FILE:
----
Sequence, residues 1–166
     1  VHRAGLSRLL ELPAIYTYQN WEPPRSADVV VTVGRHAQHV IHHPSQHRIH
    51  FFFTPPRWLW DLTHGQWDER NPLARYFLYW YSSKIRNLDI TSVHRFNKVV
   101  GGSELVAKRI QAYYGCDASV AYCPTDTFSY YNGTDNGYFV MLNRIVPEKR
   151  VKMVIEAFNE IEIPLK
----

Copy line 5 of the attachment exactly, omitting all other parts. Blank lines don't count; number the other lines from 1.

   151  VKMVIEAFNE IEIPLK